Canada in Afghanistan Part III

What do Afghans want?

Poll after poll is released noting various figures related to the feelings of Afghans about their country’s plight.

A recent poll sponsored by American, British and German broadcasters showed that 70 percent of Afghans believe the country is headed in the right direction compared to just 40% of those polled a year before. However, other sources, notably the Asia Foundation’s annual survey of Afghans released in October 2009, showed that only 42% of Afghans believed the country was moving in the right direction versus 29% who thought it going the other way (though overall this represents a 7% improvement on the prior years results).  Moreover, 63% are in favour of a continued presence by NATO.

And perhaps most hopeful is data from the Asia Foundation that shows that 80% of those surveyed are against a return of the Taleban. As Canadian diplomat Chris Alexander noted in a recent speech at the Centre for International Governance Innovation (CIGI) in Waterloo, “The vast majority of Afghans view the Taleban as a foreign, non-Afghan force.”

Perhaps associated with that statistic is an 80% support for the rights of women. Proponents of continued engagement have long pointed to the increase in schooling for girls and opportunities for women across a country which under Taleban rule saw women demoted to second-class citizens as a sure sign of progress. Hamid Karzai’s government even includes three female parliamentarians.

These gains have, however, been limited by an aversion to full equality, highlighted painfully by a law passed by the Afghan parliament in the spring of 2009 that stripped Shia women in the country of many of their most basic rights. Even in Kabul, the centre of intellectual and economic activity in the country, women face harassment and threats if unaccompanied by a male companion.

Progress is slow and uneven, and faces challenges well beyond the threat of Taleban retribution.

As many have noted, Afghanistan is an Islamic country, not a theocracy and certainly not overtly “fundamentalist,” but one nevertheless where Islamic tradition and culture is dominant. Moves to introduce secularism and equal rights are thus often, though evidently not always, challenged by traditional beliefs and values. And so the debate is shaped between those who see the slow development of rights and institution as signs of progress versus those who focus on the continued cultural and religious impediments to such change. Ultimately then, the answer lies not in our desire to export Western values and ideals but in the wishes of Afghans – and this, unfortunately, is very tough to gauge.

For every poll or anecdote that highlights support for human rights and development is research that disputes those figures based on rural / urban divides and the accompanying belief systems that are entrenched or developing in both. And with only 24% of the country considered urban, the traditional rural enclaves are extremely important to the country’s future.

So while 80% are against the return of the Taleban, this does not mean they’re fully behind a democratic, secular and rights based society. For example, Pashtun tribes, which represent over 40% of the country’s population, were in full support of the ouster of the Taleban in 2001 but are now thought to be cooperating with the Taleban and al Queda as they see the secular and rights-based society taking shape as a foreign (read: Western) imposition. As CBS foreign affairs correspondent Lara Logan recently noted, “(The Pashtun) want their country back. They don’t much care if the women go to school — certainly not older girls or teenagers or women. They might let the little girls study up to the age of about seven or eight, but as soon as they approach marrying age — from 12-years-old in many Pashtun areas — they cannot go to school or even out in public. They must be imprisoned in the home, for the rest of their lives.”  She adds, “many Afghans resent secular, Western influences in their country which they see as corrupt and anti-Islamic.”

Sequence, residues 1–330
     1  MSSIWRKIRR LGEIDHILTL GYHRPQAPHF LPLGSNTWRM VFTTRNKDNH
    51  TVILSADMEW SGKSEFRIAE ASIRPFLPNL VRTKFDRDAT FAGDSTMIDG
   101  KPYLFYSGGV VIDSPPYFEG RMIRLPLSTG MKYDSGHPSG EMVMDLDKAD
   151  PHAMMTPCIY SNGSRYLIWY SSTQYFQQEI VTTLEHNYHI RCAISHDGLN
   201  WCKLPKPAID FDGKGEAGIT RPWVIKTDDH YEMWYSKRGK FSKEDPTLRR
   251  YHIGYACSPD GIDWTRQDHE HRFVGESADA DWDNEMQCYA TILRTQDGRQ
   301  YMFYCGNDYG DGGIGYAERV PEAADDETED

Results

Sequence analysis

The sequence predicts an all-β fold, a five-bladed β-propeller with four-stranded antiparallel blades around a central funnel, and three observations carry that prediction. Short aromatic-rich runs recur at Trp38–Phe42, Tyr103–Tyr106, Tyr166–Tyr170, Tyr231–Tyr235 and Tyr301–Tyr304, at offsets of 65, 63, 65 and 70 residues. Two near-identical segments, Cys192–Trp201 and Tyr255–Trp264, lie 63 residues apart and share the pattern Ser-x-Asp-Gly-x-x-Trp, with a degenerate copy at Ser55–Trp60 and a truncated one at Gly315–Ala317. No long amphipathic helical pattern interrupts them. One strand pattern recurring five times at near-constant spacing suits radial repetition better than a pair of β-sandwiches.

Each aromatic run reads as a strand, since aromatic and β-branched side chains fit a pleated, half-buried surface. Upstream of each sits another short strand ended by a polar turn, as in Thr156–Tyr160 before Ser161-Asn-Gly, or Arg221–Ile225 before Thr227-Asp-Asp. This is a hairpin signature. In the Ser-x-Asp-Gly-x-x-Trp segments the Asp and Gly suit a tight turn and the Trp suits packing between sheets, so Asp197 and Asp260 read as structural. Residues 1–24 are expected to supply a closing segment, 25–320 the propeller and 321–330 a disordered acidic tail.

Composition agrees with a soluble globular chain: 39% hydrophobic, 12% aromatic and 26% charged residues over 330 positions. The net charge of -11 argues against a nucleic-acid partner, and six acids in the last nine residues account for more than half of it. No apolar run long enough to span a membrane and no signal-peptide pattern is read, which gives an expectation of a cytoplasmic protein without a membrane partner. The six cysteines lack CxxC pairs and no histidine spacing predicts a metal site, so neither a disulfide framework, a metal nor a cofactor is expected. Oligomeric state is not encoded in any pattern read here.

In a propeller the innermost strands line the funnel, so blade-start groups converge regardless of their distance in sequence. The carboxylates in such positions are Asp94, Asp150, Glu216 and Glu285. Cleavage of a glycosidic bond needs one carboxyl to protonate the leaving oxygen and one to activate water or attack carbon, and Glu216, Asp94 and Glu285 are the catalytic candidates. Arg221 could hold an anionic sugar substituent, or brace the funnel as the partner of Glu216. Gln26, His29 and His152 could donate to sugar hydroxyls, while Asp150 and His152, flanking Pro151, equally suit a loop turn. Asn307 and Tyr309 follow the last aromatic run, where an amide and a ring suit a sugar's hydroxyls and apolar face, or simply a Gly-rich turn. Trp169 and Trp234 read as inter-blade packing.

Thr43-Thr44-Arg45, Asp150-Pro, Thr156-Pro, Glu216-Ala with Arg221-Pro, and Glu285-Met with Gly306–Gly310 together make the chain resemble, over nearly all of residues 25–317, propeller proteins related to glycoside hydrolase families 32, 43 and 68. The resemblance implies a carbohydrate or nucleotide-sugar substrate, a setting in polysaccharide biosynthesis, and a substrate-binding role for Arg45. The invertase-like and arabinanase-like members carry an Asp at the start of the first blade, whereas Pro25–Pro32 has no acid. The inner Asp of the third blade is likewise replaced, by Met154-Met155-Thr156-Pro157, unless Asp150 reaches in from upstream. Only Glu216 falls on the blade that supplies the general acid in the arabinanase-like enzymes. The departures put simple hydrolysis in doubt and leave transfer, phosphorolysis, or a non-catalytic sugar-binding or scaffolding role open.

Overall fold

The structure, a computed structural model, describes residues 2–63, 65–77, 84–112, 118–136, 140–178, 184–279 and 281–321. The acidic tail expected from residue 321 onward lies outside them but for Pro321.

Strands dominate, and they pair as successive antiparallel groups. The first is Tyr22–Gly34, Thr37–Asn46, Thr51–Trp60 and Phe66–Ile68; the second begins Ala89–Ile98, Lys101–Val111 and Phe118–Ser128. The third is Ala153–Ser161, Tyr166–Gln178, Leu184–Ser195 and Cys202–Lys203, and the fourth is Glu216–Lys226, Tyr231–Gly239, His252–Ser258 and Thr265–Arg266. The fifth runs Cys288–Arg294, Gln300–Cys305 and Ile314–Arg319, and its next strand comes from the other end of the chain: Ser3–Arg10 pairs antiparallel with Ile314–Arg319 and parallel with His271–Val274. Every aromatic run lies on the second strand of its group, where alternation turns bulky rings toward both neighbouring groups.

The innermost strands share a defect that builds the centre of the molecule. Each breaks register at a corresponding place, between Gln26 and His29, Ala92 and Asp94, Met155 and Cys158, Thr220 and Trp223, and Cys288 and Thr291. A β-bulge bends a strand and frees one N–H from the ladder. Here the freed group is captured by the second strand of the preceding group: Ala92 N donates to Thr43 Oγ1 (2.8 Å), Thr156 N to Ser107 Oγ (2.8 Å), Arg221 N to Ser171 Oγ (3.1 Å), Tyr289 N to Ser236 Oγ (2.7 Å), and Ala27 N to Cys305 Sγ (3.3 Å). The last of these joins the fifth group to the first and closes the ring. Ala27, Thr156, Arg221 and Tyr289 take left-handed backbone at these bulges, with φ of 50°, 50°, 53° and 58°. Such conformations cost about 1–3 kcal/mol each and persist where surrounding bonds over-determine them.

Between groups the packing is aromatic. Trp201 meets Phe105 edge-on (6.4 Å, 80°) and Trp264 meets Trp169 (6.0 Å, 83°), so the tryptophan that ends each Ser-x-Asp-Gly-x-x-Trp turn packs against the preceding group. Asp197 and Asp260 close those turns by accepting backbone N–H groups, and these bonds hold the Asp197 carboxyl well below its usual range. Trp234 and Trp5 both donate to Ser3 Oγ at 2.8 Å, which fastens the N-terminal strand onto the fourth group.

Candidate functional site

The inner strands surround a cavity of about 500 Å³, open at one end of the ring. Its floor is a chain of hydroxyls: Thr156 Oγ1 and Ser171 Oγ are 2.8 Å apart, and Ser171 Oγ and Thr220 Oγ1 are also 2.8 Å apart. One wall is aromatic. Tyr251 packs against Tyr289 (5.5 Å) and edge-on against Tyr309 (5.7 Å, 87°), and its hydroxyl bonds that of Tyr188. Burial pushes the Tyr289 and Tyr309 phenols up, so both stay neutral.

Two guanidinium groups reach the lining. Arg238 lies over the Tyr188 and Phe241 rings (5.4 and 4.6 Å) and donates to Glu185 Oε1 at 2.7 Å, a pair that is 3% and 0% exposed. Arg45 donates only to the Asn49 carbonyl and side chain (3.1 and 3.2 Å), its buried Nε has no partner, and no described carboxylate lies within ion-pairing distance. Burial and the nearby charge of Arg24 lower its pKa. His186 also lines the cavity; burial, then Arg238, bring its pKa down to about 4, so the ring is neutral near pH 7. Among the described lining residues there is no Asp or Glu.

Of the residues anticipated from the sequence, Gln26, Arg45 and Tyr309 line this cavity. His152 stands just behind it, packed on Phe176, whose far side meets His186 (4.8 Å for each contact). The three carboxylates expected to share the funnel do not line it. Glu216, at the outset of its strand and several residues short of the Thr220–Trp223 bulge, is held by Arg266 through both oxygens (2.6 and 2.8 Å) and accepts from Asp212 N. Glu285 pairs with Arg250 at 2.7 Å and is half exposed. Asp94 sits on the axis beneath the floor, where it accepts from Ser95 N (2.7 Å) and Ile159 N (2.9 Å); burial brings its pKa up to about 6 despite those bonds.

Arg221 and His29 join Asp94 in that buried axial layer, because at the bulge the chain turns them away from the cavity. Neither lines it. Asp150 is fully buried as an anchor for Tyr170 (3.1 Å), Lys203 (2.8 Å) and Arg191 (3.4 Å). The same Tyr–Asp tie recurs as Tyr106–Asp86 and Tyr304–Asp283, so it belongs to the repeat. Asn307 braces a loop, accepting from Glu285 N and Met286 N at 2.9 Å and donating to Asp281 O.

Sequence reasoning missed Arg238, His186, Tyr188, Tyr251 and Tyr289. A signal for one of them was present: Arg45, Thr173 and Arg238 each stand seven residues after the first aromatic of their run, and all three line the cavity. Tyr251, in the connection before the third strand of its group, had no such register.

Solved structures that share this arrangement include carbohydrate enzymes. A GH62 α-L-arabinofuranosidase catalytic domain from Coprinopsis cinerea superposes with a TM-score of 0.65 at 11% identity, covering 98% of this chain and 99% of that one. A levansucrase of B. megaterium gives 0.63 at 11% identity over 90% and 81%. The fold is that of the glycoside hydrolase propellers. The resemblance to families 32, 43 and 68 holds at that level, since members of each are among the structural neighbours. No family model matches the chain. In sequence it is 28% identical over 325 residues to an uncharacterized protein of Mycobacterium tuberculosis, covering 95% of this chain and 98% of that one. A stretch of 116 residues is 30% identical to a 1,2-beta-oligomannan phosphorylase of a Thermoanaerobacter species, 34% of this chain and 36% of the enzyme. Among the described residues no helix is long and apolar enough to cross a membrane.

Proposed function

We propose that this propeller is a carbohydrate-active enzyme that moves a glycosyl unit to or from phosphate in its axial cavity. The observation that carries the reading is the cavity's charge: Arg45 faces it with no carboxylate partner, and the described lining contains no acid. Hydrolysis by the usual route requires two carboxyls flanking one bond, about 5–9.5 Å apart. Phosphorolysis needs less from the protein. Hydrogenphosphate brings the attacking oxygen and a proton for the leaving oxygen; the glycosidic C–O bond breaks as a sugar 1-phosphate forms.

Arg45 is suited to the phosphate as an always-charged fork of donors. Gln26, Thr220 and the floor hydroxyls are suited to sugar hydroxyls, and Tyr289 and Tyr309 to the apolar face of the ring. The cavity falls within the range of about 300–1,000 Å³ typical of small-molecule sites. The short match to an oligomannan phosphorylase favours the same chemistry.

And therein lies one of the biggest challenges of success in Afghanistan. Our common definition of success is not just a military defeat of the Taleban. Rather it also includes the installation of democratic and secular rights in a land where both run counter to conservative Islamic belief. Not only does this pose a significant strategic challenge in promoting local support for NATO initiatives, but it also raises an important and tricky question as to the morality of imposing our values on another people.

That moral question aside, the struggle created by the juxtaposition of values and beliefs sees a great deal of importance placed on our willingness to let Afghan democracy, or better yet, Afghan governance evolve organically – so long as it does not involve a return to Taleban abuses, and to the use of Afghanistan as a safe-haven for terrorists.

The key for our continued engagement in Afghanistan is thus to help a moderate force emerge and strengthen itself against the Taleban insurgency. The current Karzai government has so far proven unable to do so. In an op-ed penned in late October 2009, Thomas Friedman pointed to the recent experiences in Iraq, where the U.S. surge was made successful not by its own force, but rather because a Sunni force set about to evict al-Qaeda and set about a moderating movement throughout the country. As Friedman notes, “The spark was lit by the Iraqis.”[i]

The comparisons between Afghanistan and Iraq may be superficial, but one truth is common for both “People do not change when we tell them they should. They change when they tell themselves they must.”


[i] http://www.nytimes.com/2009/10/28/opinion/28friedman.html?_r=1

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